HONOLULU (HawaiiNewsNow) - More than 100 firefighters from across the island responded to the massive, seven-alarm Marco Polo blaze.
Fire officials say the heat from the blaze exceeded what even the most seasoned firefighters knew as "hot."
"To feel that you have all your equipment on correctly, and you feel like you're burning when your brain is telling you you're not, that it's so hot that you're physically turned away, that was the difference with this fire," said Honolulu Fire Capt. Scott Seguirant.
Seguirant, who was stationed at the Aikahi Fire Station at the time, says he'll never forget the look on everyone's face when he arrived on scene.
"You see a bunch of your brothers and sisters that you know, that you grew up in the fire department with, and you see a look of concern that you normally don't see," he said.
Saturday marks one year since the fire, considered the largest apartment blaze in modern Hawaii history. The fire left four people killed and hundreds of units damaged.
Seguirant said by the time fire crews got there, the fire that started on the 26th floor was well developed and growing.
"Late notification was a challenge. It had already built up a big head of steam and was actively moving," Seguirant said.
Because the elevators were initially not working, first responders had to climb at least 24 flights of stairs to fight the fire and help residents.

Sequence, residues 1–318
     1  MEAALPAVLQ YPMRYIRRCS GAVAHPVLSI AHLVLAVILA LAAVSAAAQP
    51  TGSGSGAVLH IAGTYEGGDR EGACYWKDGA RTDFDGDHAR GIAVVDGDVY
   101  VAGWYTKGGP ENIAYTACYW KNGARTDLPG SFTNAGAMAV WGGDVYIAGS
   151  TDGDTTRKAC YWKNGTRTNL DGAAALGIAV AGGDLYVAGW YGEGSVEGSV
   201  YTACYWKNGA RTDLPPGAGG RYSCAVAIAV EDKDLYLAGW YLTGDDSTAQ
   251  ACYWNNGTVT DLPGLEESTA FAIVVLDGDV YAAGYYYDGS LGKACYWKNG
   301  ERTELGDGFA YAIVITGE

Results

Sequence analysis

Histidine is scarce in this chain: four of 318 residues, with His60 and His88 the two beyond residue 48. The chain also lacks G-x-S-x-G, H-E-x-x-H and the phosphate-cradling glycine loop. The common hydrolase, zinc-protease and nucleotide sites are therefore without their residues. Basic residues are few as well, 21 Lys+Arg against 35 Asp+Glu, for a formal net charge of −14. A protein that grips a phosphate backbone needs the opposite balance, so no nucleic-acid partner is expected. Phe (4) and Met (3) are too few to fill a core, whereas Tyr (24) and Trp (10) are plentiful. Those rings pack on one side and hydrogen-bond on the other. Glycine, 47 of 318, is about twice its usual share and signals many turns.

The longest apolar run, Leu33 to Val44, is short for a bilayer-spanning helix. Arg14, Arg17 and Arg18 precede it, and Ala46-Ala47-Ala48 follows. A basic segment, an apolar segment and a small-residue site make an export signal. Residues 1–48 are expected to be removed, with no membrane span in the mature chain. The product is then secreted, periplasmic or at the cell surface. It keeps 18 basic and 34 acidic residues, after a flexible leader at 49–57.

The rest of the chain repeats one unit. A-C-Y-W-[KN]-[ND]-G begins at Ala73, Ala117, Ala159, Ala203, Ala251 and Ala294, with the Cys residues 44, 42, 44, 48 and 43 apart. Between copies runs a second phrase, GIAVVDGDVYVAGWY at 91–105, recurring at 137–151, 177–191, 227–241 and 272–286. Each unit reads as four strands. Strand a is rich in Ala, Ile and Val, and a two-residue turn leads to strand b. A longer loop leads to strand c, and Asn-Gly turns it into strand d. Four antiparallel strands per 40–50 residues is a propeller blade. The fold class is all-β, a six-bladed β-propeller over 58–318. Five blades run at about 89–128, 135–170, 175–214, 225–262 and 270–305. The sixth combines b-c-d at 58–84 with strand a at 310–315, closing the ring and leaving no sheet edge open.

EMS paramedic supervisor Laura Kumamoto remembers the nerves and adrenaline during the hike up.
"Just knowing we were getting closer, getting closer, getting closer. I think that adrenaline is what gave us the extra 'umph' to get up that stairwell. Once we got into that area, and realizing we're in the building, was something I never experienced," Kumamoto said.
The blaze was declared under control around 7 p.m. and extinguished by midnight.
But for most first responders, it was right back to work responding to other calls.
"Being able to change my clothes, wash my hair, that was my time to decompress. It took a while to wind down and think about everything that happened, but the next morning you have to get up and you have to go and serve your community," Kumamoto said.
Phil Reller, who lost both his mother and brother in the fire, says he's grateful for all that first responders do to protect their communities.
He says he was deeply touched by one firefighter he met at the scene after receiving the devastating news.
"He runs up to me, the firefighter, sweating and smoky, throws his arms around me, says he sorry," said Reller.
"He came to my house two days later. He said, 'I really couldn't sleep very well, I just want you to know our support.' He gets off his motorcycle runs up to me and throws his arms around me. That's who these first responders are."